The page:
Skip to Main Content

Lymphopoiesis refers to the process by which the cellular components of the immune system (i.e., T cells, B cells, and natural killer cells, and certain dendritic cells) are produced during hematopoietic differentiation. This process begins with the hematopoietic stem cell and continues through progenitor stages down a series of mostly diverging lineage pathways, ultimately resulting in the remarkable diversity and flexibility of the immune system. Although the more terminal events in lymphocyte differentiation and function have been defined in detail (see Chaps. 77, 78, and 79), the earliest events during which hematopoietic stem cells undergo lymphoid lineage commitment are less-well understood and still somewhat controversial. Although the conceptual framework for the questions of lymphoid commitment has been established largely on studies in murine species, experimental systems now exist to better understand how such events are controlled in humans. This chapter summarizes what is known about the ontogeny of lymphoid development and the control of lymphoid differentiation and discusses some of the persisting controversies in the field.

Acronyms and Abbreviations

Acronyms and abbreviations that appear in this chapter include: B, bone marrow derived; BCR, B-cell receptor; CLP, common lymphoid progenitor; E, days of gestation; EBF, early B-cell factor; HSC, hematopoietic stem cell; Ig, immunoglobulin; IL, interleukin; LMPP, lymphoid-multipotential primed progenitor; LSK, linnegsca-1+c-kit+; NK, natural killer; SCID, severe combined immunodeficiency.

Blood is formed from a succession of sites during embryonic and fetal development, beginning outside the embryo in the yolk sac. Soon afterward, hematopoiesis begins in the embryo proper, initially in the paraaortic splanchnopleure (PAS), and aorto-gonad-mesonephros (AGM) regions, then the fetal liver, spleen, and finally the fetal marrow (see Chap. 6). With each change of anatomical site the range of hematopoiesis becomes progressively more complex and similar to that of the adult (Fig. 76–1).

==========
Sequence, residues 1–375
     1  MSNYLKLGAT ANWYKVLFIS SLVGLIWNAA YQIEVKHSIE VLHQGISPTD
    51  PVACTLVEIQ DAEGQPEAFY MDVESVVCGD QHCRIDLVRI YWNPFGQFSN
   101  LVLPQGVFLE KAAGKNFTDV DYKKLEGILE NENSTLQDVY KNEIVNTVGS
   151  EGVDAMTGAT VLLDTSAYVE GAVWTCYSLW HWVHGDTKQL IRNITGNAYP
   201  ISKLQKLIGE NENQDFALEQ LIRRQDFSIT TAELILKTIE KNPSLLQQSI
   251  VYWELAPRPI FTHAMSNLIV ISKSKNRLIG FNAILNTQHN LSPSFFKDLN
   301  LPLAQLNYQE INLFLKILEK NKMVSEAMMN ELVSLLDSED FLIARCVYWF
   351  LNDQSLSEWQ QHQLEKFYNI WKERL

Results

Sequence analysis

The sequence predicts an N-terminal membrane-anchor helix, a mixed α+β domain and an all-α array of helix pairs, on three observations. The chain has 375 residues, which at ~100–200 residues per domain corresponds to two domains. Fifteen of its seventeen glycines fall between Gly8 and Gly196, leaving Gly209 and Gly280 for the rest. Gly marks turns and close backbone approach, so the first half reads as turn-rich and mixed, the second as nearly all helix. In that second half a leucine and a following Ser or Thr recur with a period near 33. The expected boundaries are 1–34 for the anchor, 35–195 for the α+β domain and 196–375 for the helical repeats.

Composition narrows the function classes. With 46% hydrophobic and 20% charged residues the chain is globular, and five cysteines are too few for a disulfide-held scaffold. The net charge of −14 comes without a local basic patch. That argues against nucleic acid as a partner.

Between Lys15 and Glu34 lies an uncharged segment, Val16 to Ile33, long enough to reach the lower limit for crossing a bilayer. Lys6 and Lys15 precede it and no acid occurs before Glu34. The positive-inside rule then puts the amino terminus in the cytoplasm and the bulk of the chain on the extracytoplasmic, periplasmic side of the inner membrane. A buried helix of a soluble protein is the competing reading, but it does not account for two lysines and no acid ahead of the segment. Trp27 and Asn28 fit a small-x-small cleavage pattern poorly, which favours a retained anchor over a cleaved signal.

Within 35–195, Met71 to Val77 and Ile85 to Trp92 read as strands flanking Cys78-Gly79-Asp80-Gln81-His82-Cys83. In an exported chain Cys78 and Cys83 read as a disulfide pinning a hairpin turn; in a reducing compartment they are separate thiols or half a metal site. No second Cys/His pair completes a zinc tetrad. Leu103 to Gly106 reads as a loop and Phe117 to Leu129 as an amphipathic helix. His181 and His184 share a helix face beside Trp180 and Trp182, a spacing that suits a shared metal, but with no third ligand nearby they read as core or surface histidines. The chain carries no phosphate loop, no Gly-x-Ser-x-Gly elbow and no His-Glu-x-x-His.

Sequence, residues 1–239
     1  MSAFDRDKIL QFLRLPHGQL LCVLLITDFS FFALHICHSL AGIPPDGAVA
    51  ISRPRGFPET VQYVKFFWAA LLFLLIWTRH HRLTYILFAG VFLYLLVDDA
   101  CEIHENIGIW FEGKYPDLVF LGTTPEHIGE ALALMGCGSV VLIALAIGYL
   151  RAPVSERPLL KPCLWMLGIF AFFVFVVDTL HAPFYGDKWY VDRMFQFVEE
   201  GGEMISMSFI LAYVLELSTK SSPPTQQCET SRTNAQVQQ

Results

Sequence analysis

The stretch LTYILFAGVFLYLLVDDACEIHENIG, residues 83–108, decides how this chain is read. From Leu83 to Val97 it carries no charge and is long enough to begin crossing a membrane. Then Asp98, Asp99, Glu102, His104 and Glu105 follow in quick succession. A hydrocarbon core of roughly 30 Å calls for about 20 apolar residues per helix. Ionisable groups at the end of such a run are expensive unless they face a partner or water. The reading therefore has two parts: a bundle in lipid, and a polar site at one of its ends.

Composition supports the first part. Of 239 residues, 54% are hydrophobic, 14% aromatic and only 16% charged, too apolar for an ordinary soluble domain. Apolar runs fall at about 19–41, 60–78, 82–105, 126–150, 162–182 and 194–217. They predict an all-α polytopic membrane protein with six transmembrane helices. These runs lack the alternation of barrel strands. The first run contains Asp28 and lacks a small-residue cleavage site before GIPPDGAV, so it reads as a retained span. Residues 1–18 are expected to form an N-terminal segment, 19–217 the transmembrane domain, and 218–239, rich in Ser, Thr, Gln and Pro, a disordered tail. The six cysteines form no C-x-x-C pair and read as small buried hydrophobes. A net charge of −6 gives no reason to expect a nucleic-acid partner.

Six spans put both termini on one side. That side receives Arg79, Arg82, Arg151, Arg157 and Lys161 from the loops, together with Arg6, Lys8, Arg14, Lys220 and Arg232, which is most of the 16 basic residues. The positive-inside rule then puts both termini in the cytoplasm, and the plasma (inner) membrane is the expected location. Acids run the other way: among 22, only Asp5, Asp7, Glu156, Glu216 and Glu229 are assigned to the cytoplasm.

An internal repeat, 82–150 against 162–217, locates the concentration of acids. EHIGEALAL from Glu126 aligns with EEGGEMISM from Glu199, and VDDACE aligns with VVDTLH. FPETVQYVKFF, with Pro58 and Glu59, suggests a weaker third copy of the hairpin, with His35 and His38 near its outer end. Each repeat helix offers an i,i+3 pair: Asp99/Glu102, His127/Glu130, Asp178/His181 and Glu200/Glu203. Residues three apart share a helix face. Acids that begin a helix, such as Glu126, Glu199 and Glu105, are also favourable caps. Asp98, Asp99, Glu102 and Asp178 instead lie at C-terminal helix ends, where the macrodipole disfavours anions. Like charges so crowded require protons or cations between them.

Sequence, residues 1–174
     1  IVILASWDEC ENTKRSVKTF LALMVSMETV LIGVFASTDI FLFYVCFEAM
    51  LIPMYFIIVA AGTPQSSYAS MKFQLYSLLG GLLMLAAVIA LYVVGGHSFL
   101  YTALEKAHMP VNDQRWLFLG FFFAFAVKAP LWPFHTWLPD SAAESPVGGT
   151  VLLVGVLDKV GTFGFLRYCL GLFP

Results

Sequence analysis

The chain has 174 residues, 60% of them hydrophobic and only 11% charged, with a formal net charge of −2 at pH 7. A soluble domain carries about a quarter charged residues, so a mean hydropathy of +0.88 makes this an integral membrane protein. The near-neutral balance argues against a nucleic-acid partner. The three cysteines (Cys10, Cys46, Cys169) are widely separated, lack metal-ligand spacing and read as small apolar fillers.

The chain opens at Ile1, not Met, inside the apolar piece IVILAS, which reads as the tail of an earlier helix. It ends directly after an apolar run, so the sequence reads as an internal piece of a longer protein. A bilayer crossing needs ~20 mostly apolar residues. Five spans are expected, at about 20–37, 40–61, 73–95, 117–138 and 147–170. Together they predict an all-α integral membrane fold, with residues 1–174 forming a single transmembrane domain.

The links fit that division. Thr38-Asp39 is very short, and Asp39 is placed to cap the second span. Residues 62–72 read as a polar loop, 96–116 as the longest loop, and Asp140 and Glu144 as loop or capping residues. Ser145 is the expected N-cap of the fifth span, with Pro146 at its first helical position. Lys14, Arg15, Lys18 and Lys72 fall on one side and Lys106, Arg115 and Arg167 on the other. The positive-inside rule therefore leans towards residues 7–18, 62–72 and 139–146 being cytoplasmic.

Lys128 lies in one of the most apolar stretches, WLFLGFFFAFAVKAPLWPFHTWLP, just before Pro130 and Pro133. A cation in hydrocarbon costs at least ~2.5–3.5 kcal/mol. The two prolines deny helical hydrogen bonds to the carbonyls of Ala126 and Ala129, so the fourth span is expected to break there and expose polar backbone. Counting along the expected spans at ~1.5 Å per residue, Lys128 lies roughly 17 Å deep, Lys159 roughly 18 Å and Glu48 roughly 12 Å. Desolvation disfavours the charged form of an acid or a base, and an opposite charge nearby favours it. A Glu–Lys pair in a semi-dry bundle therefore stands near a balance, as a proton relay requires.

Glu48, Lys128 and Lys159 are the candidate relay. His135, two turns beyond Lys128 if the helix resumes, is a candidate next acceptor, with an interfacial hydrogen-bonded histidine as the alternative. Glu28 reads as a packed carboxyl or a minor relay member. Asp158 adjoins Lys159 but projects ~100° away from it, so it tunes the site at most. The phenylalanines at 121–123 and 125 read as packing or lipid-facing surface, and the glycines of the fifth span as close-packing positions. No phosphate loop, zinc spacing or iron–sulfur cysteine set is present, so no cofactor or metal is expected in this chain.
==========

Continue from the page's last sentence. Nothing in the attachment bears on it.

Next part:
Figure 76–1.

Timing of lymphohematopoiesis during prenatal development. Shown is the timeline for activity in each site of hematopoiesis in the embryo and fetus of (A) human and (B) mouse. Solid lines show tissues in which long-term reconstituting, multilineage definitive hematopoietic stem cells (HSCs) are present. Open lines show sites where only more differentiated hematopoietic cells are present (i.e., HSCs are absent), e.g., myeloid and erythroid cells in yolk sac, thymocytes in thymus. “B- and T-cell potential” (in ovals) refers to the presence of progenitor cells in the paraaortic splanchnopleure (PAS) that can generate T- and B-lymphoid cells when cultured in vitro. B and T cells are first detected in vivo in fetal liver and thymus, respectively, at times shown in rectangles. Not shown here are other sites of hematopoiesis such as omentum, placenta, and spleen, in which exact onset of human lymphoid potential is less clear. AGM, aorto-gonad-mesonephros.

When assigning hematopoietic function to each developmental stage, it is important to distinguish the lineage ...

Pop-up div Successfully Displayed

This div only appears when the trigger link is hovered over. Otherwise it is hidden from view.